What keeps a stage director up at night? The pieces can’t stage themselves – nor should they. We’ve brought an extremely creative cast together, and I want to see their best ideas, their responses and reactions to the characters and situations. But, just as the strongest writer craves an editor, the best opera wants guidance, balance, and a taut storyline. Essential to this is the score. I try and base my decisions on the music – honoring pauses, tempo changes, the small indications from the composer – so that the visual story mirrors and enhances the aural one. Perhaps that’s what keeps me up at night. Do I know the score well enough? We’re listening to a bunch of clowns – or so the title says. Pagliacci is the plural of one of the Italian words for clown. Which will we believe: the clown or the human? Are we expressing ourselves or performing for you? Part of the genius of this opera is this underlying paradox.

The music is in the hands of Richard Buckley, my trusted friend and colleague. We have collaborated on Tosca, Turandot and Pagliacci over the past several years. He knows how to make these pieces crackle with life, with vigor, and above all, with dramatic intent. While we all have cherished recordings, they are placeholders for the shared experience of 100 musicians focused on a central theme, a central goal in a theater full of engaged listeners. As Pagliacci unfolds, Richard is with me at every step with his attention to our blueprint (the score) and his instinctive pacing and leadership.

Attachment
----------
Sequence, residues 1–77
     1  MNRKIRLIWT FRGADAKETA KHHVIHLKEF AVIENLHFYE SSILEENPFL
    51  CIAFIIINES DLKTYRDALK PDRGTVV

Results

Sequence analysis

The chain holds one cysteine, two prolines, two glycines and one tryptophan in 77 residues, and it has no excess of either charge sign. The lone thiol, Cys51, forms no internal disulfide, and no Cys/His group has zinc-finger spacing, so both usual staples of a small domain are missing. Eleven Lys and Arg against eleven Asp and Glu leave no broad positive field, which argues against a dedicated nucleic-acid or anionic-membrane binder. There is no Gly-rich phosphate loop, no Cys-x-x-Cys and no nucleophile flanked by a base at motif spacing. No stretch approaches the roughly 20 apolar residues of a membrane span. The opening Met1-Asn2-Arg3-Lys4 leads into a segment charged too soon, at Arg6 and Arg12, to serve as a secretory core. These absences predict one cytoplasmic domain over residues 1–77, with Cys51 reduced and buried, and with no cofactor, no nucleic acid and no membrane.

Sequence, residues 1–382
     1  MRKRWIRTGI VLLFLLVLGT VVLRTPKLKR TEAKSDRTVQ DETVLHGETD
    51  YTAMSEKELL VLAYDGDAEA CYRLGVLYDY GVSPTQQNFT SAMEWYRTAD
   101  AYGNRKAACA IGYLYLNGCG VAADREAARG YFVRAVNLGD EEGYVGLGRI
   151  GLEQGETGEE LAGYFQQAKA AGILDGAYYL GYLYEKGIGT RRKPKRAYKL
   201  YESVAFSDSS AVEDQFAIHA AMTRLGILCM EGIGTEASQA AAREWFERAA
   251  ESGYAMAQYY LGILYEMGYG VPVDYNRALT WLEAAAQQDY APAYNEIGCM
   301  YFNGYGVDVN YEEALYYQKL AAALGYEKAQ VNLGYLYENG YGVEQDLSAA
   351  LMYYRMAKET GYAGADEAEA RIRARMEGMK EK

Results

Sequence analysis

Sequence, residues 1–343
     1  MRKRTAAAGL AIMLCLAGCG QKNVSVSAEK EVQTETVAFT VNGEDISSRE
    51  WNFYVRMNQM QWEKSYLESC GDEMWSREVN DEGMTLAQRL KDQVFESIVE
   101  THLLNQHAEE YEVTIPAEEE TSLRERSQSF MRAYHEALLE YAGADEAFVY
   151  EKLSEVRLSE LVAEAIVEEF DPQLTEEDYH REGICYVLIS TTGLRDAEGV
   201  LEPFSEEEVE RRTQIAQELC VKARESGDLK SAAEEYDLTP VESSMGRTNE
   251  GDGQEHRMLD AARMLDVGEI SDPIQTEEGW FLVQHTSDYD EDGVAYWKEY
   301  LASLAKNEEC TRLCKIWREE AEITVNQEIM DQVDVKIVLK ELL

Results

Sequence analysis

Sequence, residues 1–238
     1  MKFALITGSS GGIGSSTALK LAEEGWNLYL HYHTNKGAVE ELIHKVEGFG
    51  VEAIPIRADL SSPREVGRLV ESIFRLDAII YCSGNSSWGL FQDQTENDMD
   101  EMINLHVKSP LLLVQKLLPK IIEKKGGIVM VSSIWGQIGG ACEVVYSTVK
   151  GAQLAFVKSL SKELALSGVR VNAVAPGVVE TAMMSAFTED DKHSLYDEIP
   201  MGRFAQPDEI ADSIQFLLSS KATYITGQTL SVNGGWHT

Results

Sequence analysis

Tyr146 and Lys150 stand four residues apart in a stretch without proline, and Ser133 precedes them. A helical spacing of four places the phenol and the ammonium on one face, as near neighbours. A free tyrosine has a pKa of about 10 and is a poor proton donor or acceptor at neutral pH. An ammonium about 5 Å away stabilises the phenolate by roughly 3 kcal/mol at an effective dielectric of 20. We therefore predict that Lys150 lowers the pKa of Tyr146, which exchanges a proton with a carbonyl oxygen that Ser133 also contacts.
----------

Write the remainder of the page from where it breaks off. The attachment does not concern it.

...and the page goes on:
One moment we staged yesterday with chorus had no singing in it whatsoever. The townspeople return from church (or the tavern) and head home before the evening’s Commedia dell arte performance. Its background to the principal action of a fight between Canio and Nedda over her supposed infidelity which we have yet to stage. With the energy of 40 additional characters onstage, the dimensions of the story become exponential. Now each of these chorus “stories” are attached to a soundtrack and we have the Verismo (“slice of life”) world unfolding in front of us. Key moments in opera almost always happen in isolation, but when the powers (and sheer numbers) collide and combine; Opera shows its true force. The visual drama on the stage matches the energy of this score. But hopefully our audience will be too caught up in the opera to notice the solid construction behind it. Pagliacci can be a harrowing ride. That’s our challenge. As rehearsals to begin — and maybe I can get the ideas out of my head, onto the stage and I can get some sleep!